Editorial for October 23
When I was a kid in the late 1950s and early 1960s, Halloween was a big deal. Picking a costume could take weeks. Then, there were special decorations on the streets, haunted houses, church parties, a costume parade at school, and most important of all, trick-or-treating. The neighborhood kids would all go together, with a parent when we were little, and with a high school neighbor when we got bigger. As soon as it started getting dark, we would run from house to house, knocking on doors and shouting “trick-or-treat!” to get some goodies in our slowly filling bags. When the bags were full and our feet too sore to go on, we’d rush home to dump our bags on the floor, sort the good stuff, compare and trade and, eat the candy. This should sound familiar to almost anyone who grew up in America in the late twentieth century, and as a result Halloween has become perhaps the second biggest Holiday of the year.
My account of trick-or-treating in the 1950s and 1960s suggests, it was not always about how much candy you got, but who gave out the best stuff. It was a fun time when we would get with friends and roam the streets in search of the best treats. It was also a time for other fun if you know what I mean. A few pranks were definitely played, although mostly just fun and nothing serious.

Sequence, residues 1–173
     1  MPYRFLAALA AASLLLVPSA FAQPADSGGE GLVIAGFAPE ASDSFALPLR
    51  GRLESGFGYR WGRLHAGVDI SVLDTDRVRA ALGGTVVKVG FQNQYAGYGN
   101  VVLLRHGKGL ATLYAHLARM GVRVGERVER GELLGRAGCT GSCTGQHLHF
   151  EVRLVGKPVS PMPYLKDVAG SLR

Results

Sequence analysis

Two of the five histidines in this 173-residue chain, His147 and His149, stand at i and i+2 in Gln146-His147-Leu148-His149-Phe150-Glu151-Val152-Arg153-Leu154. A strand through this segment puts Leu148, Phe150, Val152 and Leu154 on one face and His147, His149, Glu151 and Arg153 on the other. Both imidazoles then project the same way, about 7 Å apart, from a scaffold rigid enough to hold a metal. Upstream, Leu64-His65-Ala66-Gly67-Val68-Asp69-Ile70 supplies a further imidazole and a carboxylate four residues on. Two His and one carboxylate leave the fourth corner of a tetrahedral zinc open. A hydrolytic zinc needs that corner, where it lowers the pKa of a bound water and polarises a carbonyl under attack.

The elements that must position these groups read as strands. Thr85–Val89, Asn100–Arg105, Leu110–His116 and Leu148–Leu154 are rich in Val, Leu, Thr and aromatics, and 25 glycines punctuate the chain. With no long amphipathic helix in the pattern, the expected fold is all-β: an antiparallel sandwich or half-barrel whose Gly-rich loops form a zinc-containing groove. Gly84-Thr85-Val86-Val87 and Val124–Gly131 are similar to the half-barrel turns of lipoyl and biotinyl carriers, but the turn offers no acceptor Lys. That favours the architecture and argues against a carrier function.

Times have changed from those days. Halloween is still a time of great excitement for our children, however that excitement often brings dangers which we can mostly control by taking some simple precautions. Younger children should always trick-or-treat with a trusted and responsible adult. Stay in well lit areas and well known neighborhoods. Use flashlights and glow sticks, avoid high traffic areas, and wear reflective costumes.
Remember to always check your candy and eat only factory wrapped treats. If you are driving slow down and be cautious in residential neighborhoods while taking extra time at intersections where children may be present.
If your’re handing out treats consider purchasing non-food items like schools supplies or coloring books and crayons. Keep your home as safe as possible for visiting trick-or-treaters, check outdoor lights and replace burned-out bulbs. Leaves should be swept from sidewalks and steps. Restrain pets so they don’t inadvertently jump on or bite a trick-or-treater. It’s all about children having fun. We can all do our part to make sure that the fun doesn’t give way to tragedy. Let’s not have any real nightmares this Halloween.